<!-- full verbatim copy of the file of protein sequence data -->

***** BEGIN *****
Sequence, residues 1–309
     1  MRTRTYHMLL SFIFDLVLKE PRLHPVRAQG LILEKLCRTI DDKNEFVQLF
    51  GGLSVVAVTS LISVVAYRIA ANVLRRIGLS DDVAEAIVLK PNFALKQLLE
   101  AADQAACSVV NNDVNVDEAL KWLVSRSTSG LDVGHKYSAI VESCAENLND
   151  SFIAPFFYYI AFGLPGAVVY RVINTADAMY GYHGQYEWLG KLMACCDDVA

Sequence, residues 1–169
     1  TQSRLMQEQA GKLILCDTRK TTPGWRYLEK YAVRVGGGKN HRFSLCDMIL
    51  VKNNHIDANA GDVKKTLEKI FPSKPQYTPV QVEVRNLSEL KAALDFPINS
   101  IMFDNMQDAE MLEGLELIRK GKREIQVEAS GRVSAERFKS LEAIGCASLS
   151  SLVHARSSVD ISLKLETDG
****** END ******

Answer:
Sequence, residues 1–309
     1  MRTRTYHMLL SFIFDLVLKE PRLHPVRAQG LILEKLCRTI DDKNEFVQLF
    51  GGLSVVAVTS LISVVAYRIA ANVLRRIGLS DDVAEAIVLK PNFALKQLLE
   101  AADQAACSVV NNDVNVDEAL KWLVSRSTSG LDVGHKYSAI VESCAENLND
   151  SFIAPFFYYI AFGLPGAVVY RVINTADAMY GYHGQYEWLG KLMACCDDVA

Sequence, residues 1–169
     1  TQSRLMQEQA GKLILCDTRK TTPGWRYLEK YAVRVGGGKN HRFSLCDMIL
    51  VKNNHIDANA GDVKKTLEKI FPSKPQYTPV QVEVRNLSEL KAALDFPINS
   101  IMFDNMQDAE MLEGLELIRK GKREIQVEAS GRVSAERFKS LEAIGCASLS
   151  SLVHARSSVD ISLKLETDG